Updated totals from Allianz Travel Insurance indicate tropical storm Florence is negatively impacting the travel plans of thousands of U.S. travelers.
Officials say the firm has received 2,500 claims from travelers with storm-related policies, as of September 17. Additionally, Allianz’ customer service center has fielded more than 400 calls from customers seeking support in the storm’s wake.
Travelers who purchased Allianz travel insurance prior to the storm being named on September 6 are eligible to receive reimbursement of pre-paid, non-refundable trip costs should they need to cancel travel plans due to severe weather conditions caused by Florence, said Daniel Durazo, Allianz’ director of communications.
“Travelers impacted by Florence should contact their travel suppliers before they cancel their trip,” Durazo said. “Many travel suppliers, including airlines and hotels, are waiving change fees to allow rescheduling without penalty. Travel insurance policies purchased before September 6 may include coverage for trip cancellations, trip interruptions and travel delays caused by the upcoming storm.”
Jason Schreier, CEO at provider APRIL Travel Protection, said the firm has also received “higher than usual call volumes all week from passengers concerned about the impact of Hurricane Florence on travel plans.”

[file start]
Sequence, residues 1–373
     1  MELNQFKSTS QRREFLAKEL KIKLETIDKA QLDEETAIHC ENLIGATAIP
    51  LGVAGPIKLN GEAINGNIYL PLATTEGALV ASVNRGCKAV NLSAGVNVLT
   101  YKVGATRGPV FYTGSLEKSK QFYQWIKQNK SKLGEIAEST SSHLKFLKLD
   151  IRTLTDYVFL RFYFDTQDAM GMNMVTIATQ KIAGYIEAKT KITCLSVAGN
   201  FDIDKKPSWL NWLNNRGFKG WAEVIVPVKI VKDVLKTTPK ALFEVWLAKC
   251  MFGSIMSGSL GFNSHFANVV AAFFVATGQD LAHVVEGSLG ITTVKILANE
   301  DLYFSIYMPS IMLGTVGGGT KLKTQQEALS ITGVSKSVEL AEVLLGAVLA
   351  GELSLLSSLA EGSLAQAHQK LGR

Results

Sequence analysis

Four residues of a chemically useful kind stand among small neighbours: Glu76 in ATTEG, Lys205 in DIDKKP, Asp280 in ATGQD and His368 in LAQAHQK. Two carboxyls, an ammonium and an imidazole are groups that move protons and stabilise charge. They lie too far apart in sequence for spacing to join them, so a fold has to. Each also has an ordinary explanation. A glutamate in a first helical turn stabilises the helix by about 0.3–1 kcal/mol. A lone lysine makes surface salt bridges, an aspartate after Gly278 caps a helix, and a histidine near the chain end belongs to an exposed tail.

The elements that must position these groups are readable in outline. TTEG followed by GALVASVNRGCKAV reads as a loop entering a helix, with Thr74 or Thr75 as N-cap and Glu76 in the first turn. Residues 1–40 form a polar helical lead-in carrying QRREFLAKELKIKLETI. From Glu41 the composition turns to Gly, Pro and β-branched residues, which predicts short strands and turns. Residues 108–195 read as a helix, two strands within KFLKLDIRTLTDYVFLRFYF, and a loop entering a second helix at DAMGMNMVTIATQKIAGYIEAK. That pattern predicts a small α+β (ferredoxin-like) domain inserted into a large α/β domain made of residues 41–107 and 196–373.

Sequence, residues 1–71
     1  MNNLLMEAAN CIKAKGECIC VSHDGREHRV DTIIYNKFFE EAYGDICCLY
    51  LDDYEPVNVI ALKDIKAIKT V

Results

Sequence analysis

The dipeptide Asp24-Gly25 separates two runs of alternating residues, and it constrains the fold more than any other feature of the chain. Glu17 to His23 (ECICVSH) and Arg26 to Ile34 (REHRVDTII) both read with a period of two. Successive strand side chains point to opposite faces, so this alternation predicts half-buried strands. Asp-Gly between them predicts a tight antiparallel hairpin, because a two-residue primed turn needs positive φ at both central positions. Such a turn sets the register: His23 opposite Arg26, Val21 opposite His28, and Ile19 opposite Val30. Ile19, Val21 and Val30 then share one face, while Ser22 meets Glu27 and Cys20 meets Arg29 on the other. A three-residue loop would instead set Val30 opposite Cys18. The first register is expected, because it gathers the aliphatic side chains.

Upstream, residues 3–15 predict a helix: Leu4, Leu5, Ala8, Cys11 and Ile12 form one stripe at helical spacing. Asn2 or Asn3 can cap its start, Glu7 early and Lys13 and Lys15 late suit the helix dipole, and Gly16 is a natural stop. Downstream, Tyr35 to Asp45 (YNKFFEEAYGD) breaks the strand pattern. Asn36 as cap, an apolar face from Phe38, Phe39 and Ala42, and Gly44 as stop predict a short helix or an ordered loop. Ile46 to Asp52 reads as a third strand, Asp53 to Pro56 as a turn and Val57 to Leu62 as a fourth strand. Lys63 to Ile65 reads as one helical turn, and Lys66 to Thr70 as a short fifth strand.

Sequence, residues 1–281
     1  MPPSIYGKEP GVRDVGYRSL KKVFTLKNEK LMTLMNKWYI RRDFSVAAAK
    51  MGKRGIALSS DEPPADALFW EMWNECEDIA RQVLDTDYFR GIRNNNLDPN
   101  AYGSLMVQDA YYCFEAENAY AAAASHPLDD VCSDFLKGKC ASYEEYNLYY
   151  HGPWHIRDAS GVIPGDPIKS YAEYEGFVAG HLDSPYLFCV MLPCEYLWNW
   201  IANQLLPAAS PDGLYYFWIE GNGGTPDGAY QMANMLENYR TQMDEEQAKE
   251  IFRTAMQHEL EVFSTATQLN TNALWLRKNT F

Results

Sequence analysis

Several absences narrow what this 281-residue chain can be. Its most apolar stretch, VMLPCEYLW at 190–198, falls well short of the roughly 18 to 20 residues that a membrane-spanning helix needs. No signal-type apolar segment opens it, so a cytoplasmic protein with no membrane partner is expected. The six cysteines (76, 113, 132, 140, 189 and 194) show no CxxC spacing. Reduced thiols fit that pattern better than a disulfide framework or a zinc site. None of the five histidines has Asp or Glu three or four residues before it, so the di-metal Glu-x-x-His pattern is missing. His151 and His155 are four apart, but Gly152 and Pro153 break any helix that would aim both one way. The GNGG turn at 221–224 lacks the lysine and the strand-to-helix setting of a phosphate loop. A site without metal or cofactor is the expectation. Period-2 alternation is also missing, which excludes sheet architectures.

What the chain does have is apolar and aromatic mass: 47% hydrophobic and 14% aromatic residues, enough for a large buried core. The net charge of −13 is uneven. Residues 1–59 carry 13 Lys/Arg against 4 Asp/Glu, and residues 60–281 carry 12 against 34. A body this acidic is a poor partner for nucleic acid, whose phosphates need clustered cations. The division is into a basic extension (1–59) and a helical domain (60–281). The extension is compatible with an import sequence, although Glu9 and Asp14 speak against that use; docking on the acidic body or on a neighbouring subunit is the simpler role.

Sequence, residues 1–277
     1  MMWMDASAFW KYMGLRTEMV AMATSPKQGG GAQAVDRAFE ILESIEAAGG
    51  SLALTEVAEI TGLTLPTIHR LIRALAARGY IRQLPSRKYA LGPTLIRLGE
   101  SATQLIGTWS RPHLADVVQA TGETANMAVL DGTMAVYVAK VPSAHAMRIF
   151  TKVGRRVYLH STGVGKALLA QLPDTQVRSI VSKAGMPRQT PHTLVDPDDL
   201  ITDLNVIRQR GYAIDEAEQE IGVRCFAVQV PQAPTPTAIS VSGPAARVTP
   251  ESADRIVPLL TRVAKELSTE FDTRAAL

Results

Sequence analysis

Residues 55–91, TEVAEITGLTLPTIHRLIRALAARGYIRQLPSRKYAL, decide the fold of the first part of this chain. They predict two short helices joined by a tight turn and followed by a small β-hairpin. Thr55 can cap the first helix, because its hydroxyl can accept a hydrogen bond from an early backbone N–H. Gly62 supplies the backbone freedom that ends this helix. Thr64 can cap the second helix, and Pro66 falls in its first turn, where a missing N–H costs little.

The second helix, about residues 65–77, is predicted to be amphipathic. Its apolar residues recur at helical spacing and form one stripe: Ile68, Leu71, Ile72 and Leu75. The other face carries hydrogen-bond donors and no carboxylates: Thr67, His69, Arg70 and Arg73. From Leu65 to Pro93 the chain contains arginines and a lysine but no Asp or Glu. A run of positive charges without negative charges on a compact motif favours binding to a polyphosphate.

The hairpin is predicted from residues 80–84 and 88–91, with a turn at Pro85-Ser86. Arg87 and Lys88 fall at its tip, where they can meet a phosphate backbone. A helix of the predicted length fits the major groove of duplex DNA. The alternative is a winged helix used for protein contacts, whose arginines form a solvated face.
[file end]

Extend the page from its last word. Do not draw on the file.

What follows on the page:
“Hurricane Florence may have a crippling impact on aviation which will spill out into gateways far beyond the storm’s path,” Added Schreier. This is in part because Charlotte, N.C. is one of the nation’s largest transportation hubs, especially for passengers who are flying aboard American Airlines.
Schreier said that according to data collected by the Federal Aviation Administration FAA in 2017, Charlotte Douglass International airport hosted more passenger traffic than the international airports in Boston, Miami, Houston, Philadelphia and New York (LaGuardia airport).
Although he says American Airlines has waived change fees for travelers traveling through Charlotte and other Southeast U.S. airports, “Even a brief closure of its Charlotte hub will have a ripple effect on delays and missed flights nationwide,” said Schreier.
“A prolonged closure in Charlotte similar to what happened in Houston last year would have a profound effect on flight routes. The impact of Iceland’s volcano on European air traffic in 2010 might be a more comparable scenario,” he said. “Savvy travelers who purchased an insurance policy prior to September 1 have additional recourse.”
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